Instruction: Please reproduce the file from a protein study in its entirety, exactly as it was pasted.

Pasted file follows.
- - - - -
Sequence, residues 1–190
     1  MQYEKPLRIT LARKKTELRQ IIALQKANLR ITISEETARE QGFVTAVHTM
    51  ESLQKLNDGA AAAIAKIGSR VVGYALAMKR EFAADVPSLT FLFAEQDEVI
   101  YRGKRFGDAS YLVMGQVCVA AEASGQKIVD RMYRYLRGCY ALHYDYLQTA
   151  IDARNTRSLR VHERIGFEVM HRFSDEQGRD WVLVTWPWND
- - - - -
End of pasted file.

Sequence, residues 1–190
     1  MQYEKPLRIT LARKKTELRQ IIALQKANLR ITISEETARE QGFVTAVHTM
    51  ESLQKLNDGA AAAIAKIGSR VVGYALAMKR EFAADVPSLT FLFAEQDEVI
   101  YRGKRFGDAS YLVMGQVCVA AEASGQKIVD RMYRYLRGCY ALHYDYLQTA
   151  IDARNTRSLR VHERIGFEVM HRFSDEQGRD WVLVTWPWND